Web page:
Sculptor Joe Barrington, from Throckmorton, Texas, brings his unmistakable style and approach to art making to the next installment of the Cell Series.
Barrington grew up in a welding shop in the Texas oilfields and was exposed to “hard work, hard living, and tall tales.” These and other experiences of life have shaped him and his work over the years and his materials are as raw and evident as those influences. Using what’s readily available paired with a keen instinct, he selects the most relevant materials to construct and illustrate his ideas and stories. The scavenged or recycled materials are not selected arbitrarily, but carefully chosen for their particular shapes and textures. He appropriates an oilfield storage tank to fabricate a skull due to its resemblance of bone. Tire treads mimic raven feathers due to their texture and color, and rusted raw steel resembles a bull’s hide.
Being an artist, while staying in touch with the world from which he draws inspiration, demands Barrington straddle two worlds. Barrington makes aesthetic and creative decisions that go hand-in-hand with being an artist. Little Joe Hammer (the voice in Barrington’s head) serves as the “manly-man,” with no need for such “artsy” concerns. The persona of LJ Hammer is the granddad from East Texas who went to school three days total and is the skilled hunter, fisherman, and welder, as well as binge drinker. In other words, he represents the common man with all his faults and follies. More importantly, he is Barrington’s muse, albeit without the mythical robes and wings.
For his installation in the upper galleries of the museum’s 1877 jail building, Barrington continues his investigations and creations based on the raven. The raven has been a central character and symbol in the mythology and folklore of numerous cultures throughout history with its own varying roles, ranging from creator to trickster. With these multiple roles in mind, he fabricates a large raven figure in one of the galleries and a proportional raven’s nest in the adjacent. Barrington utilizes found and appropriated materials to construct the forms—much like a raven would do. The unexpected diversity of materials, the confronting size of the objects, along with the myth and legends associated with the subject are catalysts for amusement and contemplation.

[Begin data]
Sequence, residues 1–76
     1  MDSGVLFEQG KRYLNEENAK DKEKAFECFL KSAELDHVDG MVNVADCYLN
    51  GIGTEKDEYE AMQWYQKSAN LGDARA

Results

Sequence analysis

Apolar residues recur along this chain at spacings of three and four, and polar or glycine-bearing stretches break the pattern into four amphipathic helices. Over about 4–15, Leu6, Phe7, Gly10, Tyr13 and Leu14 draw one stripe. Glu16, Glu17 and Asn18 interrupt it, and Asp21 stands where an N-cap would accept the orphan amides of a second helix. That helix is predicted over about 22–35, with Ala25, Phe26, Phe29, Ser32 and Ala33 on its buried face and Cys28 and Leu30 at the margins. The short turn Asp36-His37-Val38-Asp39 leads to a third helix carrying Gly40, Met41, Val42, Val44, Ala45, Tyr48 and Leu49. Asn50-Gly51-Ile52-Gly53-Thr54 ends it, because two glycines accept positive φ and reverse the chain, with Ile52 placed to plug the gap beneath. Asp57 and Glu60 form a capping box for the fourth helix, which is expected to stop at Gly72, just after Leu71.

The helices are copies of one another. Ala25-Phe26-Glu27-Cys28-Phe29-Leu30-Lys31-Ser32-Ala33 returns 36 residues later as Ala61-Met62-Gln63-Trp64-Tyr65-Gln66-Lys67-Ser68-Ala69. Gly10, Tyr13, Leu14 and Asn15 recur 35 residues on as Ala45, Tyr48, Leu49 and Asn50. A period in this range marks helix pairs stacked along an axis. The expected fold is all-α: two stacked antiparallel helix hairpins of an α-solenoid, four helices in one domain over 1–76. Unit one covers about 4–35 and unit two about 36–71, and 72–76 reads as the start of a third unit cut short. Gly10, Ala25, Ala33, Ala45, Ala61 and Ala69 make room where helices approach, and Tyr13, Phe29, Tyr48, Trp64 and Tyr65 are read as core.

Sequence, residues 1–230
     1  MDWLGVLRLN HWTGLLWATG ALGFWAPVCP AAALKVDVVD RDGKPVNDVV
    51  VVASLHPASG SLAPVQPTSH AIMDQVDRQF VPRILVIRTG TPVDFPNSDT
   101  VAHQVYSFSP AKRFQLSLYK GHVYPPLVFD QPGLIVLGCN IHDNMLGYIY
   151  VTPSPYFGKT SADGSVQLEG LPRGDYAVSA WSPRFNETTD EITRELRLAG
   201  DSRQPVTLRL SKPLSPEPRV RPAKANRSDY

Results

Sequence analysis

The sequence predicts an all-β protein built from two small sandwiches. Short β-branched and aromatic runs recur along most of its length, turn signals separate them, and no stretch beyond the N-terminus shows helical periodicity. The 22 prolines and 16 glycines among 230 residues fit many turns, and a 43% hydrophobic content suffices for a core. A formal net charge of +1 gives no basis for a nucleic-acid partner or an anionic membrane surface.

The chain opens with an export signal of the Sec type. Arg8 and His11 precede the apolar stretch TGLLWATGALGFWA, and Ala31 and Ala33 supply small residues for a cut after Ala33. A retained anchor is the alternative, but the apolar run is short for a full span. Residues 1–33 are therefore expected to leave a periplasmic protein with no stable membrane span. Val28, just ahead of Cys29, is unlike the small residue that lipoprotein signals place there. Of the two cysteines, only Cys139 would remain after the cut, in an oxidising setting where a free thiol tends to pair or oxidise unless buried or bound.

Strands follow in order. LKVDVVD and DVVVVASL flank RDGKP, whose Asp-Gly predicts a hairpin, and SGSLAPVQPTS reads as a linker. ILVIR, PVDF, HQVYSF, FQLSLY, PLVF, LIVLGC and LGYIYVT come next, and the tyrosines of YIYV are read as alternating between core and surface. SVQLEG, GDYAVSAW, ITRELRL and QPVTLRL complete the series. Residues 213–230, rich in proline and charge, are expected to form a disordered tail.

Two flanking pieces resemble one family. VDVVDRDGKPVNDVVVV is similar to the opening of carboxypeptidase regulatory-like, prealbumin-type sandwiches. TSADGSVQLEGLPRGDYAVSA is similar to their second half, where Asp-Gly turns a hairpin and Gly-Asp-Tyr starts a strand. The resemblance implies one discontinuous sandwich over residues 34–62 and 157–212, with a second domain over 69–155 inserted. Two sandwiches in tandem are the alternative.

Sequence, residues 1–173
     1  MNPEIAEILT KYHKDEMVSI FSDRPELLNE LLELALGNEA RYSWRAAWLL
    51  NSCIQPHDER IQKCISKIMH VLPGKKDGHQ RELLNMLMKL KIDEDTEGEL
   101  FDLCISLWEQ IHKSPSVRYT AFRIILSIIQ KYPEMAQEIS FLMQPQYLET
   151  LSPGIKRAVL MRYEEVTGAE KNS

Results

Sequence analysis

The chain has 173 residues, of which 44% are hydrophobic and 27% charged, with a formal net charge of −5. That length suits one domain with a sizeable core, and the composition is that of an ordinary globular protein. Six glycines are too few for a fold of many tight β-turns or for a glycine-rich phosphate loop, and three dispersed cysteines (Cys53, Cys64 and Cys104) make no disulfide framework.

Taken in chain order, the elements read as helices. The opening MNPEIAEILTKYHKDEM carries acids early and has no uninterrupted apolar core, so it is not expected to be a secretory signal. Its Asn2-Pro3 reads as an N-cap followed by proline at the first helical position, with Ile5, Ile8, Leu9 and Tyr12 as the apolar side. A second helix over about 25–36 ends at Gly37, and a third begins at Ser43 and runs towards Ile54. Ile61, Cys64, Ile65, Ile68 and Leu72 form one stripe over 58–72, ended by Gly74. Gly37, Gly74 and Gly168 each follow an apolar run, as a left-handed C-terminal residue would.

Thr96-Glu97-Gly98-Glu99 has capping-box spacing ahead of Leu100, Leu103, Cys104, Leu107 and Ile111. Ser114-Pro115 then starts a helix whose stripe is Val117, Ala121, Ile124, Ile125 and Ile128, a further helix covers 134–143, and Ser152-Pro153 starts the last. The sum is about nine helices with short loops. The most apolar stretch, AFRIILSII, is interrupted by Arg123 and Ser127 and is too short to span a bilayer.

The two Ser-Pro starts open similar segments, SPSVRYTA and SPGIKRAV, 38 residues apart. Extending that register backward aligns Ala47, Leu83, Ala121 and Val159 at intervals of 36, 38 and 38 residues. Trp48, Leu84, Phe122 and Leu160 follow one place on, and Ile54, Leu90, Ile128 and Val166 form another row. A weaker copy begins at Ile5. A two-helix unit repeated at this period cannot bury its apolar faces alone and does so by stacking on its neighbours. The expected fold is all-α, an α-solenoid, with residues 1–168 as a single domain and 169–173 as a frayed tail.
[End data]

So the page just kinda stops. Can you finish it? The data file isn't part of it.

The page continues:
Exhibition sponsors: Susie and Joe Clack, Amy and Patrick Kelly, Juli and Mac McGinnis
Patrick Kelly interview with Joe Barrington (and Little Joe Hammer)
PK: Most people are familiar with your work that derives from utilizing found steel objects that you manipulate into familiar and recognizable objects, people, or animals. How far back does this approach to sculpture making go?
JB: Using found, scavenged, or reclaimed materials goes back to the beginning of making sculpture. Early on it was as much for financial reasons as aesthetic ones. Growing up in a welding shop in the Texas oilfields there was always an abundance of pipe, tank steel, and all kinds of other shapes easily available that were headed for the salvage yards. Now, most of the material I scavenge or recycle are materials that I use because of a particular shape or texture that I want to use to get a specific look for a piece. A good example of this is the use of the interior side of oil field storage tanks to construct the skull pieces. The texture of the steel is very reminiscent of the texture of bone. READ MORE...
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